In his fifth apostolic journey outside of the European continent, Pope Francis will visit Cuba and the United States of America
, marking his longest trip thus far. He will spend 3 days on the largest and westernmost island of the West Indies, followed by a 5-day visit to the American East. In a series of articles, I will introduce the places that will be visited by the Pope from the perspectives of a Catholic pilgrim. Today, let us travel to Cuba
Since its discovery by Christopher Columbus in 1492, the island of Cuba has been ruled by the Catholic monarchs of Spain, and briefly by France, England and the USA, until the country gained independence in 1902. Baracoa, the first colony, became a bishopric in 1517, but the seat was transferred to Santiago when the capital was moved there in 1522. The capital again moved to Havana in 1552, and the second Cuban diocese was established in the new capital in 1787. Today, there are a total of 11 dioceses in Cuba organized into 3 ecclesiastical provinces (Havana, Santiago and Camagüey), with a total of 6.8 million Catholics out of 11.2 million people, served by 283 parishes, 16 bishops, 196 secular priests and 169 religious priests, 84 deacons, 35 religious brothers and 624 religious sisters.
Pope Francis will be visiting two cathedrals in Cuba: the cathedrals of Havana and Santiago. The Baroque-style Metropolitan Cathedral of the Immaculate Conception
in the capital was built between 1748 to 1777 with coral rocks, flanked by two asymmetrical bell towers. The interior is neoclassical in style, with black and white marble floor, supported by massive stone pillars. Columbus’ remains once rested under an altar in the cathedral. The cathedral was declared a UNESCO World Heritage Site in 1982. On 20 September 2015, Pope Francis will lead Vespers in this church.
Cathedral of the Assumption, Santiago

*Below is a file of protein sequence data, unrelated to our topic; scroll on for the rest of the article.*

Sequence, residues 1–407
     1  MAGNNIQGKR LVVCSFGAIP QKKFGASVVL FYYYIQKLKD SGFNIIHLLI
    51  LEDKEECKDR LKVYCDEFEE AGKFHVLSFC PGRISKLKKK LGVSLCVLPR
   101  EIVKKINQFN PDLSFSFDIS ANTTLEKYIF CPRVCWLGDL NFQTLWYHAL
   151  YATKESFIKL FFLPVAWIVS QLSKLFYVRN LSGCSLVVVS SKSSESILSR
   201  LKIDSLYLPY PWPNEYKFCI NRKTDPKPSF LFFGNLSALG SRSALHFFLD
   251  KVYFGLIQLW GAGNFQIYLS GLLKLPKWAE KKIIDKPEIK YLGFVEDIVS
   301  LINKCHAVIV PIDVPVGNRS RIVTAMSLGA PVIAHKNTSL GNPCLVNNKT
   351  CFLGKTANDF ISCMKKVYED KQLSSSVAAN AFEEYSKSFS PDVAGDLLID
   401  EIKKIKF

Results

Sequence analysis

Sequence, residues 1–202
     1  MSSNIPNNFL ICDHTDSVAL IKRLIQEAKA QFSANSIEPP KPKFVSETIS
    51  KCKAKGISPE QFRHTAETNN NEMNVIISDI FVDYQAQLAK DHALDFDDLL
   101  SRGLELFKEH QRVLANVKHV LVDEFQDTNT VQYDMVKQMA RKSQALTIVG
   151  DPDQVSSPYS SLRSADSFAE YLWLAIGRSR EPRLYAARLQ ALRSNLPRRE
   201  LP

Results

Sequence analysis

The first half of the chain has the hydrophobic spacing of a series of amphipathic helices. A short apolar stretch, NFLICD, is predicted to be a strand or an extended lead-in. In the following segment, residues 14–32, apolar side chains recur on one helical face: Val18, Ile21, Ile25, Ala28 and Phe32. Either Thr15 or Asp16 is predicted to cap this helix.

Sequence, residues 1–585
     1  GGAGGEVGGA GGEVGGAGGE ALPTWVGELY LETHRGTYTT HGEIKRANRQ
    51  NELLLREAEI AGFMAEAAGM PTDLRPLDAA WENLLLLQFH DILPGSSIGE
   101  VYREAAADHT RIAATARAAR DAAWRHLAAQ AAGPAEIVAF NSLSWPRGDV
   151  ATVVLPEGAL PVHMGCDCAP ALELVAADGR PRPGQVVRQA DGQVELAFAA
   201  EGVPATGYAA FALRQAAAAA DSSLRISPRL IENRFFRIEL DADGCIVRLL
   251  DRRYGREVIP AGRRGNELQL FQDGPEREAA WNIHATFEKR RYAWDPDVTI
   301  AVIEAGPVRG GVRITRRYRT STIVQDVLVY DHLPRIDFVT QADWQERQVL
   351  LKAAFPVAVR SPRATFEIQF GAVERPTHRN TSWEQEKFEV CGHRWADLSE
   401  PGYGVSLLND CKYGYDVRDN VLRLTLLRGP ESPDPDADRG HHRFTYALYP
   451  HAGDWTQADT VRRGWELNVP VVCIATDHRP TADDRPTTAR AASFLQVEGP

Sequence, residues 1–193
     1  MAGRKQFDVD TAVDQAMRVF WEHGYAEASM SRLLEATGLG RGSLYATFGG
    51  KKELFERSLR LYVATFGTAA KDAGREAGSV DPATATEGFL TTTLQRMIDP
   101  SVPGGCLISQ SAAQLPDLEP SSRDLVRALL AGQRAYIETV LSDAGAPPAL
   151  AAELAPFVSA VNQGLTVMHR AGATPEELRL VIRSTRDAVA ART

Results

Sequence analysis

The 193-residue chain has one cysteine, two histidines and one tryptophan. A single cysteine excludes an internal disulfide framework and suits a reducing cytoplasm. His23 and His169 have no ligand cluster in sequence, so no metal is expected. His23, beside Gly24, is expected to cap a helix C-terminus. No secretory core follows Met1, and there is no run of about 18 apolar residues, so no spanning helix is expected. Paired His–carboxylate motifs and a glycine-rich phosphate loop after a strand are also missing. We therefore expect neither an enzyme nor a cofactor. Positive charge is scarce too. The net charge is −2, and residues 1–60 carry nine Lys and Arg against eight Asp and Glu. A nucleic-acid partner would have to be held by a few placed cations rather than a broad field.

The Cathedral of Our Lady of the Assumption
, the seat of the Archbishop of Santiago de Cuba, was first built in 1526 but destroyed by fire merely a year later. The second cathedral was completed in 1555, but it lived only to suffer continuously from pirate sacking, fire, earthquakes and hurricanes. A third cathedral opened in 1690 until its destruction by an earthquake in 1766. Finally, the fourth and present cathedral was constructed from 1810 to 1818, and became the first minor basilica of the nation in 1882. When I visited the cathedral in 2013, it was in bad need of repair. Some reparations were made in 2014, in time for the Pope’s visit on 22 September 2015.
Statue of Our Lady of Charity, in the Basilica of El Cobre
Other than the cathedrals, the Bishop of Rome will also visit an important Marian shrine in El Cobre, the highlight of the Cuban trip. Our Lady of Charity
(Nuestra Señora de la Caridad
, or affectively called la Mambisa
) has a history dating back to 1612. Two Indian brothers and an African child slave set out in a bay in Eastern Cuba to collect salt for the workers in the village presently named El Cobre. A storm appeared and was about to overturn the canoe. With a Marian medallion the 10-year-old slave was wearing, they prayed in fear and devotion for the protection of the Virgin. The skies became clear in an instant, and they saw a statue floating on the sea. On closer look, it was a statue of Our Lady on a small wooden plank, holding the child Jesus, with the inscription “I am the Virgin of Charity” in Spanish. The statue was completely dry to their surprise.
A simple chapel was immediately built in Barajagua to house the statue. On several occasions, the image disappeared for hours, leading to people’s speculation that it was to meant to be placed in a different spot. The statue was later transferred to the top of a small hill in El Cobre where a church was built. The Shrine of Our Lady of Charity
, rebuilt in 1927, houses the statue till this day.
The statue made of baked clay measures 40 centimetres tall. The Blessed Virgin, standing on a brilliant moon with angels on a silver cloud, holds the baby Jesus who holds a golden globe on his left hand while raising his right hand to bless. When I was there a few years ago, I saw a lot of local pilgrims, lining up to pay homage to the Blessed Mother and burning candles.
Pope Benedict XV declared Our Lady of Charity of El Cobre as the patroness of Cuba on 10 May 1916. The statue was canonically crowned on 20 December 1936. The national shrine was raised to the dignity of minor basilica on 22 December 1977. Pope John Paul II and Pope Benedict XVI visited the shrine during their apostolic journey to Cuba in 1998 and 2012 respectively. The latter pope even granted a golden rose to the basilica, a privilege of which only a few shrines around the world can boast, on the occasion of the 400th anniversary of the discovery of the statue. Pope Francis will be in the basilica on the evening of 21 September 2015 for prayer, and on the next day for Mass.
As the Pope is embarking on his visit to Cuba, let us pray for the reinvigoration of the faith of the Cuban people and Our Lady of El Cobre's protection on the nation.
Photo Credit: Gabriel Chow
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